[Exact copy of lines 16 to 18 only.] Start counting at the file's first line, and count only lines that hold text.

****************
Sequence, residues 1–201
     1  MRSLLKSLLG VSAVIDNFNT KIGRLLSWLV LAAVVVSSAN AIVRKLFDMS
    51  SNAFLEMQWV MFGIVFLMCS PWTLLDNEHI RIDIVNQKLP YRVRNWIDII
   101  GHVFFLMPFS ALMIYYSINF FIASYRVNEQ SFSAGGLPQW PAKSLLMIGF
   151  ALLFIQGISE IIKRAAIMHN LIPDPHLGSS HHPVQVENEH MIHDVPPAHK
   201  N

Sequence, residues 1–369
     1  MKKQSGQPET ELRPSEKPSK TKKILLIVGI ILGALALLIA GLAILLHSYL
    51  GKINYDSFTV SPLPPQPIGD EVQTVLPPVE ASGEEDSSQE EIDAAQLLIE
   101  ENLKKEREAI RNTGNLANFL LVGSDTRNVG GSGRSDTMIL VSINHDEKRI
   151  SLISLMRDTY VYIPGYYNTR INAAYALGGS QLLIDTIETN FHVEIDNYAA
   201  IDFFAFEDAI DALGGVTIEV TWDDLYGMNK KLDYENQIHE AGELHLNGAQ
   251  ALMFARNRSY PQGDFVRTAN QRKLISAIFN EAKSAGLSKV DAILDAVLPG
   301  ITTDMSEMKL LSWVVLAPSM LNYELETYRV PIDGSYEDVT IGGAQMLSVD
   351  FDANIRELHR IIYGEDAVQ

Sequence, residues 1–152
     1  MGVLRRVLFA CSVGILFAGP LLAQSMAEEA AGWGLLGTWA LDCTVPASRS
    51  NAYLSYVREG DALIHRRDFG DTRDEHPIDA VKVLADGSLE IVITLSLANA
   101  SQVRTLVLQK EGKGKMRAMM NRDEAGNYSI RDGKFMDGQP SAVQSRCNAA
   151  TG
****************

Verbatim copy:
Sequence, residues 1–152
     1  MGVLRRVLFA CSVGILFAGP LLAQSMAEEA AGWGLLGTWA LDCTVPASRS
    51  NAYLSYVREG DALIHRRDFG DTRDEHPIDA VKVLADGSLE IVITLSLANA